“We waste a lot of time showing up as the people that we think our significant others and our friends and our bosses want us to show up as,” says Sue Heilbronner of venture capital fund MergeLane. “In general, my belief is that we can be more creative and more generative in our thinking if we get to show up as who we are.”
Heilbronner, a conscious leadership coach, believes this is equally true in leadership roles, “where we know our team members are more effective if they have a chance to activate the very talents for which we hired them.”
That goes both ways, and those team members are looking for that level of performance from leaders, too, she says. “If we get distracted by drama at work, withholding our opinions, delaying needed but difficult decisions, holding back meaningful feedback because being candid can, in the short term, cause some disappointment, we are building organizations that will fail.”
Heilbronner, delivering the welcome keynote at this year’s Esca Bona conference in Austin, Texas, ran the audience through an exercise in conscious listening, a three-tiered listening involving head, heart and gut. Listening from the head ensures the listener is not deploying listening filters, she says, like fixing or personalizing—where understanding is attempted, and most often missed, through comparison the listener’s own history. “Then they listen from their heart to really tune into the emotional sensitivity or sensibility of what the speaker is saying.” Thirdly, Heilbronner says, “they tune into their gut to identify what that person might actually want.”
These are tactics that not everyone needs, Heilbronner concedes, because some people are already available for intimacy. “And what that looks like, is they’re willing to reveal themselves to other people and they’re willing to hold space for other people to be revealed to them.”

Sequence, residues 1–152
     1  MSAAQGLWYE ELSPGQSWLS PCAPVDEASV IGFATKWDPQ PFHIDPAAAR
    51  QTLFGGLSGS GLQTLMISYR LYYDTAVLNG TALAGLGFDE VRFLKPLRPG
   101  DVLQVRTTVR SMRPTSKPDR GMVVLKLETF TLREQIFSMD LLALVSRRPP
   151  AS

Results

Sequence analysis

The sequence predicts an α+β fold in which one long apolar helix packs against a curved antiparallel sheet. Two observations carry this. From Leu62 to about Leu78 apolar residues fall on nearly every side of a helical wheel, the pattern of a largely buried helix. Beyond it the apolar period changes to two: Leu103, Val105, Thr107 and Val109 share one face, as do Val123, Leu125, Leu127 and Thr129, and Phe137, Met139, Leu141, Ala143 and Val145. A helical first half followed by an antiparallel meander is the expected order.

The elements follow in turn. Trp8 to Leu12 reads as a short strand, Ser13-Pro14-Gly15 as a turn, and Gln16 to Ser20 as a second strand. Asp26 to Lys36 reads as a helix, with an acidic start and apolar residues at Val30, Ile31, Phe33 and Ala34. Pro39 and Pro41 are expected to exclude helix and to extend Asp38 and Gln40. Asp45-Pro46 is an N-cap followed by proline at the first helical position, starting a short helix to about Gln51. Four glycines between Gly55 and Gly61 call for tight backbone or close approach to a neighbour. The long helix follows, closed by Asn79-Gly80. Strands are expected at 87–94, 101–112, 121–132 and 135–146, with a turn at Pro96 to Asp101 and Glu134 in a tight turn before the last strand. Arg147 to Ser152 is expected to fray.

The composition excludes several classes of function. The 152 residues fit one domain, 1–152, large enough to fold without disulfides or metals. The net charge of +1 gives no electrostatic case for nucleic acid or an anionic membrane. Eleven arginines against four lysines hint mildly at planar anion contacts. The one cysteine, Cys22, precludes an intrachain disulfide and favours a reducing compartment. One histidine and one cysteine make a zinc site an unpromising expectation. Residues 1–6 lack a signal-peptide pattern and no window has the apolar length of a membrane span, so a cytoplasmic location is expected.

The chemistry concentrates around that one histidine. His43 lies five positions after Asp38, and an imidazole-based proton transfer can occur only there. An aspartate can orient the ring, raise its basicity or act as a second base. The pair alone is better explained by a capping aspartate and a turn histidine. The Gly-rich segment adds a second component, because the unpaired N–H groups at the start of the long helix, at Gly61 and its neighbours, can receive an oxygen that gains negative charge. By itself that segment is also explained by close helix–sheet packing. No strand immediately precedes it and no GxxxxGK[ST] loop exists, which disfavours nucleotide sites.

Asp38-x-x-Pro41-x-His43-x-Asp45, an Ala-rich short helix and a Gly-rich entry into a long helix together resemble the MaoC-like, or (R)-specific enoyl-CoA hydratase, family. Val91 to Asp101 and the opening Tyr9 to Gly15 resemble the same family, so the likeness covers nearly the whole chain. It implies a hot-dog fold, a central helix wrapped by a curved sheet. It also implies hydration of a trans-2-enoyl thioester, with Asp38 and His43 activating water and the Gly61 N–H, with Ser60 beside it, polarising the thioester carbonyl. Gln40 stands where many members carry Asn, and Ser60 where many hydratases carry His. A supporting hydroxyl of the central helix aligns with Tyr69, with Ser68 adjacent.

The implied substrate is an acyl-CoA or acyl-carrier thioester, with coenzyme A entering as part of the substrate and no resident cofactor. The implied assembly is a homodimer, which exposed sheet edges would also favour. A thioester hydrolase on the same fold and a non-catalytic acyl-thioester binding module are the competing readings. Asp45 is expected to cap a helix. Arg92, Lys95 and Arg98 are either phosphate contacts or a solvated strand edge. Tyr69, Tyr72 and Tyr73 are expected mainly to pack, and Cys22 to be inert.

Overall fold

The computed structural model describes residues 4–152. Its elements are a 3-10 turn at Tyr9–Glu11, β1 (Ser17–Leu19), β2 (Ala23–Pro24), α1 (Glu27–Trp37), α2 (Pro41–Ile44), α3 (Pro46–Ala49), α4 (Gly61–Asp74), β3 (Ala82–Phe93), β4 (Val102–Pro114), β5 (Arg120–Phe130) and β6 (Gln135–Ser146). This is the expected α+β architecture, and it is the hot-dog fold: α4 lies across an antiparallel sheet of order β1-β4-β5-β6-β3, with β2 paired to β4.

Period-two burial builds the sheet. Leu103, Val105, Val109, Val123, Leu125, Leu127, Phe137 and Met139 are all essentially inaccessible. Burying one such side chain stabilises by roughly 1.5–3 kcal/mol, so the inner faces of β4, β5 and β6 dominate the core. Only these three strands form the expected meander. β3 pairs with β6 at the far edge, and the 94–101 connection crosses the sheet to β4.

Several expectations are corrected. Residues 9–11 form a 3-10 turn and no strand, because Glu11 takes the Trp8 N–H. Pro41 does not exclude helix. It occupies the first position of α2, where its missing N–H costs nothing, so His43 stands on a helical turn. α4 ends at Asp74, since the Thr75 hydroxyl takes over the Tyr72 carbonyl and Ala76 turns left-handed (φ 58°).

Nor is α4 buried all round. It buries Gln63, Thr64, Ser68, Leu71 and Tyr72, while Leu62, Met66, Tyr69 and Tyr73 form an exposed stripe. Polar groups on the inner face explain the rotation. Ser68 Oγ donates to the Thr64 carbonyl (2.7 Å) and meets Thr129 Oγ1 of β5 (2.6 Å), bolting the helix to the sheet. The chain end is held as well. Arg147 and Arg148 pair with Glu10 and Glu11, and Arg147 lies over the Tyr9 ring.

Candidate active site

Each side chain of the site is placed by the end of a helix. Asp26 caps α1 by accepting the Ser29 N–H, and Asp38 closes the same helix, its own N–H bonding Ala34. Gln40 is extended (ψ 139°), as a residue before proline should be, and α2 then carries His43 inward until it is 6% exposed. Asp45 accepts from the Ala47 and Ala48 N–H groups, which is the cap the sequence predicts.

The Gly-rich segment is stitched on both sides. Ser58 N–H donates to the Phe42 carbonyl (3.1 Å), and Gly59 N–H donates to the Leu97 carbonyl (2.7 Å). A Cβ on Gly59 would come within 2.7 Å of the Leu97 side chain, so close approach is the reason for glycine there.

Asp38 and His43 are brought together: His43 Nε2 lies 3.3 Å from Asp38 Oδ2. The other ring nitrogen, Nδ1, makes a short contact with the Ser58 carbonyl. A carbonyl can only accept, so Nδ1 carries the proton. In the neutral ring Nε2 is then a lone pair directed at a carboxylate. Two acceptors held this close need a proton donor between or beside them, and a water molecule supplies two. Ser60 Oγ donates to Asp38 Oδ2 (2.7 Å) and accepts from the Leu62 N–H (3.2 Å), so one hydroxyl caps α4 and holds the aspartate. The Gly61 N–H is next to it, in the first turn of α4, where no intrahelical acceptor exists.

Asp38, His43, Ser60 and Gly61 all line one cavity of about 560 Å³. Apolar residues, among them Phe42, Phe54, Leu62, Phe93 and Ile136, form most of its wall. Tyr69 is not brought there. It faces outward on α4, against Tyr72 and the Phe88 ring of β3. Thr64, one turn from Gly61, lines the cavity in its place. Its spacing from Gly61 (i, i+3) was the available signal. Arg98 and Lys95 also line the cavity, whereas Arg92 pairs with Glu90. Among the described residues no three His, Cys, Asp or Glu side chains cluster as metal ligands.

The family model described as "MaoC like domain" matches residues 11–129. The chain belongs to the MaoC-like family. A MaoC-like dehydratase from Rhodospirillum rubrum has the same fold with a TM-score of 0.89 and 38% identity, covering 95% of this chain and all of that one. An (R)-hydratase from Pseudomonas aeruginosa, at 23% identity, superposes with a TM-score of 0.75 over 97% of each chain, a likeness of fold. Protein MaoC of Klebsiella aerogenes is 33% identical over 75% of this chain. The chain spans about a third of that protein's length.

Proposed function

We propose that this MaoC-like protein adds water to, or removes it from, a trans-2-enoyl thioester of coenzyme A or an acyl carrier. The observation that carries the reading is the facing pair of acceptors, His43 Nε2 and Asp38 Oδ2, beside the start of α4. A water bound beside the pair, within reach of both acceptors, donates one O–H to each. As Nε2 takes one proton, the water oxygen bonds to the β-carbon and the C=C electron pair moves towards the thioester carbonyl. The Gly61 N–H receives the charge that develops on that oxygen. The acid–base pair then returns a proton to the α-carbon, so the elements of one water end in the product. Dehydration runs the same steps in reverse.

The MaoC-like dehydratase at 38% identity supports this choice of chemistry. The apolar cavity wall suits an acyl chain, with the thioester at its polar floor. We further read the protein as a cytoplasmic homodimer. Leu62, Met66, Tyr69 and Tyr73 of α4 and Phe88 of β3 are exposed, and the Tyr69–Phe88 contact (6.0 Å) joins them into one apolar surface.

The goal, therefore, of the exercise and, for Heilbronner, of all conversations, is to dive deeper than the superficial—with peers, in primary romantic relationships and in investor meetings. In business settings, Heilbronner likes to ask “disconfirming questions.” “What’s the one thing you’re most scared of at this point in your business?” for instance, is a probing question she believes will unearth infinitely more about a business than the here’s-what’s-going-great deck brand representatives might have prepared. Because the latter doesn’t have any edge to it, she says. “I don’t learn anything about the entrepreneur or the business if I follow along with that script.”
Heilbronner admits these questions can be difficult at first, but she believes they ultimately bring out the other’s strength. Even more enlivening is the way in which they engender connection, because someone presenting a persona won’t ever really feel connected to another. Getting beneath the superficial and into something that’s troubling, brings connection. “So, it actually gives them a chance to be seen and to be heard,” she says.
“I don’t want to be in any superficial conversations in my life,” Heilbronner says. “They’re incredibly boring to me and, actually, I think to most of us. We do all that to keep ourselves safe, because it’s really scary to share who we actually are and what we actually feel.”
But that sharing, she says, is intimacy, and that is the fertile soil out of which deep work can happen.